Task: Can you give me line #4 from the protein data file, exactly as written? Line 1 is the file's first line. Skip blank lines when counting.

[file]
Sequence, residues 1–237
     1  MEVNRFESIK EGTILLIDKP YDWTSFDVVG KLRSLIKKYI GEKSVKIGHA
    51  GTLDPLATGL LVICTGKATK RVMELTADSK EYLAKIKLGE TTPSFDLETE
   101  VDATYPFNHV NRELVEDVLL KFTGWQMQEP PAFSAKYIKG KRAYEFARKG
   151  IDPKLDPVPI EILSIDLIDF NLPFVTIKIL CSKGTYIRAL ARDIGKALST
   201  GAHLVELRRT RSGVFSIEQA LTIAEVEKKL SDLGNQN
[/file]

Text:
   101  VDATYPFNHV NRELVEDVLL KFTGWQMQEP PAFSAKYIKG KRAYEFARKG